Iran to boost oil output by 500,000 barrels a day
Iran plans to increase oil production by 500,000 barrels per day now that sanctions have been lifted under a landmark nuclear deal with world powers.
Deputy oil minister Roknoddin Javadi said Iran is determined to retake its market share, which plunged after the crippling sanctions were imposed in 2012.
His comments were posted on the ministry's website on Monday.
The UN nuclear agency certified on Saturday that Iran has met all of its commitments under last summer's agreement, prompting the lifting of sanctions.
Iran used to export 2.3 million barrels per day but its crude exports fell to one million in 2012.
Oil prices have recently plummeted to under 30 US dollars (£21) a barrel, a 13-year low.
Mr Javadi said: "In the wake of removal of sanctions, Iran is prepared to increase its crude output by 500,000 barrels per day. Today, a government order was issued to increase production."
He added that it will take a year to return to pre-sanctions production levels.
Barclays analysts Alia Moubayed and Michael Cohen wrote in a research note to investors that the anticipated ramp-up in Iranian production comes "at a very bad time" for the oil market given the existing pressure on prices.
"It is too early to say what kind of market impact Iran's return will have or how much of Iran's return is already priced in," they wrote.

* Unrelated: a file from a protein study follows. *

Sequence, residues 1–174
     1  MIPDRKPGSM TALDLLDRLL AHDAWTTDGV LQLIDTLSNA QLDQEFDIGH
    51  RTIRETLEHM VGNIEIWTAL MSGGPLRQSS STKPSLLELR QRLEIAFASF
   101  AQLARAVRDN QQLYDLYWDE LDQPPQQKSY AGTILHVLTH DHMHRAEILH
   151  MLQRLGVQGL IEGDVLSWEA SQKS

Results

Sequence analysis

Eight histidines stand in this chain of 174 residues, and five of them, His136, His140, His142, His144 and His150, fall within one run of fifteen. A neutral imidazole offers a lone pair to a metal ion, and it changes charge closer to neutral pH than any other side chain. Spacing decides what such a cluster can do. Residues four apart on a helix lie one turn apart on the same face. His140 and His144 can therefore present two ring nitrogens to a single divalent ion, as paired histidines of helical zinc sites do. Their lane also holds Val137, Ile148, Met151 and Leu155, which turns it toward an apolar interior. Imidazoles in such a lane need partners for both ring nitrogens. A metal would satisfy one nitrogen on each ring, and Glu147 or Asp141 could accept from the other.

"Our view is that Iranian wellhead production and sales from existing onshore and offshore storage will surprise the market initially, as the country shows its muscle, leading to downward price pressure."
They estimate that Iran already has some 46 million barrels of petroleum pumped and stored offshore and another 30 to 40 million barrels reportedly in storage on land.
They expect it will try to quickly reclaim lost market share in Europe, but getting additional sales out of customers such as India and China could prove trickier.
Iran has vowed to boost crude exports and retake its market share even if prices fall further, saying fellow Opec members exporting more oil than their quota are should be blamed.
The country's regional rival Saudi Arabia is Opec's largest producer.
Iran unveiled a new model of oil contracts in November aimed at attracting foreign investment in anticipation of the lifting of sanctions.
It has sweetened the terms of the new model, hoping to bring in 30 billion US dollars (£21 billion) in new investment.
The new contracts last 15 to 20 years and allow for the full recovery of costs. The older buyback model contracts were shorter term, and investors complained of heavy risks and suffering losses.